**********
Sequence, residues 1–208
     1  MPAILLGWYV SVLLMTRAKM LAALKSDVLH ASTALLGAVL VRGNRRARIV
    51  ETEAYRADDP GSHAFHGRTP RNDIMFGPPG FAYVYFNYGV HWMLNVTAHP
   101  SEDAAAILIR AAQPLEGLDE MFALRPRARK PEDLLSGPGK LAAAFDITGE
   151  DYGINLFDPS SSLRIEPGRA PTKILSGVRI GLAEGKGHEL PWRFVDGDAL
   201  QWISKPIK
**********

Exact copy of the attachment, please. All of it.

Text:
Sequence, residues 1–208
     1  MPAILLGWYV SVLLMTRAKM LAALKSDVLH ASTALLGAVL VRGNRRARIV
    51  ETEAYRADDP GSHAFHGRTP RNDIMFGPPG FAYVYFNYGV HWMLNVTAHP
   101  SEDAAAILIR AAQPLEGLDE MFALRPRARK PEDLLSGPGK LAAAFDITGE
   151  DYGINLFDPS SSLRIEPGRA PTKILSGVRI GLAEGKGHEL PWRFVDGDAL
   201  QWISKPIK